Saturday, December 06, 2008

Despite some more examinations of our recent refuse woes from Matt McBride- namely, the way in which the "house count audit" of the Walking Id's administration is being done...

The "house count audit" is supposed to independently determine for the city exactly how many houses are getting trash service - nearly two years after the contracts started. In the public's minds, this would probably involve an outside firm coming into City Hall and poring over the trash companies' address lists. But that's not what this "audit" is about. In fact, it appears this audit is not an audit at all, but simply an elaborate exercise in CYA ....

...The methodology for the audit is a whiz-bang technical mashup of vehicle-mounted GPS receivers and GCR's witches brew of data pulled from Entergy bills, post office records, and Sewerage & Water Board records.

From what I can gather, GCR is producing some kind of list where they think it is likely folks are receving trash service (not where they know service is received). GBB/GCR calls these addresses "prospective refuse collection points." Then GBB, with their GPS boxes and wireless antennas, seems to be going out on trash collection days and noting who has their cans out, and then tying that into the database.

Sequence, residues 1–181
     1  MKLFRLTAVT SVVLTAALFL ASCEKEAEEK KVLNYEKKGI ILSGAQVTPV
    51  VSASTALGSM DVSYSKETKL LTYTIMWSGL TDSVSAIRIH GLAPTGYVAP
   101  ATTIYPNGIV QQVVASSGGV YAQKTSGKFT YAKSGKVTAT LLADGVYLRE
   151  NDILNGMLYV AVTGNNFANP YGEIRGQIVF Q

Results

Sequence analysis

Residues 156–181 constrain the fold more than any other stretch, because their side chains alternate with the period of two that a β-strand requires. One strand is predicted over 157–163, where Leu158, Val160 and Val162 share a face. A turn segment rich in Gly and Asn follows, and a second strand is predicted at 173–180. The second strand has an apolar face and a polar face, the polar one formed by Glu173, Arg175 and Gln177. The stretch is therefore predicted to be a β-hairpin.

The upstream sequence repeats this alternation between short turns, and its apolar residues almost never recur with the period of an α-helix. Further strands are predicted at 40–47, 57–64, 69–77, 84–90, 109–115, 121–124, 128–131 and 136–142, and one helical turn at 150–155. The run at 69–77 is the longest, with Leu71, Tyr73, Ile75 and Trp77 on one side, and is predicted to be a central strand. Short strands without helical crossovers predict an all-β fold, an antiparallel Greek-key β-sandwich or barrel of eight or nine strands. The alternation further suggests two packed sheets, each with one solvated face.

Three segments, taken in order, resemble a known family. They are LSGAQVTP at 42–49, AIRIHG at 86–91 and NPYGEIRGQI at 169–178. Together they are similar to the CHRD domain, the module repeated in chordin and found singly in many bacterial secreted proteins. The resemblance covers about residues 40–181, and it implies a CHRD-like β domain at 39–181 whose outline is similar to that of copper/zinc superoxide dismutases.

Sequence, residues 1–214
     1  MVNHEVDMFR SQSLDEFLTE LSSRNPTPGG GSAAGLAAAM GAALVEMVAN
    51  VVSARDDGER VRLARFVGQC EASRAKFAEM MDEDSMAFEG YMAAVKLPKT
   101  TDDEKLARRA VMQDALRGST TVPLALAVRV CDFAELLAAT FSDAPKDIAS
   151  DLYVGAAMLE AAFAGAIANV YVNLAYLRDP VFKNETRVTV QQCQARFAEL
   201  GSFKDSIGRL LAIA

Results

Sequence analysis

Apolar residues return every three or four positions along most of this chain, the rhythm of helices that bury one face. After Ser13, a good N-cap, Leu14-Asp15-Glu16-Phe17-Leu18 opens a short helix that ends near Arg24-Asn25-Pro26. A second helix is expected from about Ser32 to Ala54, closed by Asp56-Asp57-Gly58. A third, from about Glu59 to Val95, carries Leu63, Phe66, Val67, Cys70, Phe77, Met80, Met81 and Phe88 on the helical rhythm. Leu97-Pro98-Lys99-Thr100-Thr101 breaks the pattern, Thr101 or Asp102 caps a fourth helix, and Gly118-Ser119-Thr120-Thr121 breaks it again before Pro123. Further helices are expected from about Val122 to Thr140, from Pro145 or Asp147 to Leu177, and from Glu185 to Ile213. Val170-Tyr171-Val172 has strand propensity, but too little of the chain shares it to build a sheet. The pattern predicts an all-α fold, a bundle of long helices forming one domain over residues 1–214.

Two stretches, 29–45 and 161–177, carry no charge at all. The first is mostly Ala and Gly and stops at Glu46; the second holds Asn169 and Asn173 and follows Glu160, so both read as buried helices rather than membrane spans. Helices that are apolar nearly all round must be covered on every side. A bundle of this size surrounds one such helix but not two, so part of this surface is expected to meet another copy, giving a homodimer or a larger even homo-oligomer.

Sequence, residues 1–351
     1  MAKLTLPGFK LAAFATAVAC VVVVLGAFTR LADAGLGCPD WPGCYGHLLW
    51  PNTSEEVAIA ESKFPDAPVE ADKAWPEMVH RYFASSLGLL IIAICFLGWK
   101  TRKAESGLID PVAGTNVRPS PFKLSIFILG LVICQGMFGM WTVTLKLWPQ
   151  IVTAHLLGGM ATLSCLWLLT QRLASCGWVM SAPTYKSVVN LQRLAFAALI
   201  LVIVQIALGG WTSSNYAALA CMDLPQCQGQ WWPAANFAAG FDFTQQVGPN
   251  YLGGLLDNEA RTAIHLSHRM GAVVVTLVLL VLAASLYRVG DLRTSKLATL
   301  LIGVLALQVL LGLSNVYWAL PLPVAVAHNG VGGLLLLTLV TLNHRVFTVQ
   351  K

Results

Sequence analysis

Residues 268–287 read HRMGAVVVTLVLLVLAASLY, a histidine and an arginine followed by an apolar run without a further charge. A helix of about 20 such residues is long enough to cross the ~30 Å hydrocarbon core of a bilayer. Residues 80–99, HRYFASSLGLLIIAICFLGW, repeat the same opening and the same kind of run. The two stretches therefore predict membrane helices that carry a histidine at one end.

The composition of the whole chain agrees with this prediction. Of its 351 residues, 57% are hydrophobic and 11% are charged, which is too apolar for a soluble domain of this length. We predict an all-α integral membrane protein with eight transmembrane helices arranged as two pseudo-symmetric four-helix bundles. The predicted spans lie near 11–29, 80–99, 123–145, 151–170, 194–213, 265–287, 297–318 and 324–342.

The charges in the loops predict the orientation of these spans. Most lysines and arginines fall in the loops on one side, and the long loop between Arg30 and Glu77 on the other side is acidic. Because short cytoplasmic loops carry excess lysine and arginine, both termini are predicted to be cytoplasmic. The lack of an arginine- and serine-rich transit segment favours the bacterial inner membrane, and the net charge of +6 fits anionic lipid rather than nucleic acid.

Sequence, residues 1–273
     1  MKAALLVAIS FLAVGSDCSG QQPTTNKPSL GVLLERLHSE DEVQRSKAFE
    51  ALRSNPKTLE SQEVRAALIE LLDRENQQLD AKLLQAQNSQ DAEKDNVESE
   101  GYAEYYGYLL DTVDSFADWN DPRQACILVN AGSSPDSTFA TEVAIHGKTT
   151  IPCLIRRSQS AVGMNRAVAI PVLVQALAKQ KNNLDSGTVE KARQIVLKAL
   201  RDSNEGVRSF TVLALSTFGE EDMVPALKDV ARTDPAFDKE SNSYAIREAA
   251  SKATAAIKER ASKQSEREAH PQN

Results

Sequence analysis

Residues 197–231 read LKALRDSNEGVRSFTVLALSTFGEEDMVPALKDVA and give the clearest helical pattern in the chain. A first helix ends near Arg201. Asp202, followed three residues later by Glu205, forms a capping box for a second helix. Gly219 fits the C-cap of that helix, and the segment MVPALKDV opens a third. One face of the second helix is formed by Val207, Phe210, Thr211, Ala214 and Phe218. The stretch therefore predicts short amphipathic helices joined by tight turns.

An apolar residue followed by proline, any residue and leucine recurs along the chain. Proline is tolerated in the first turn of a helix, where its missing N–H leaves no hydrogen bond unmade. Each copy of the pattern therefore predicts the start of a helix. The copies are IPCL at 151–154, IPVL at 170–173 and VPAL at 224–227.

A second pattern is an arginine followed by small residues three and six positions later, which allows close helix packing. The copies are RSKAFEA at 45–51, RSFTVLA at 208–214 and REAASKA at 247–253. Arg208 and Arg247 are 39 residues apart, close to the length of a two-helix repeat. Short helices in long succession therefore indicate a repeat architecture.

Missing in this "audit" of the trash companies is the obvious - there is no interaction with the trash companies and their records. In effect, it is people driving around looking at trash cans and creating a brand new address list. There seems to be no provision whatsoever to determine if the city is getting double billed for any of those cans, or whether those cans should even be there. I also wonder how GBB/GCR accounts for people who might not put out their cans - or who do not have them within sight of a passing car - the days their auditmobiles roll by? And what about the year and a half of service the city had already paid for by the time the audit began?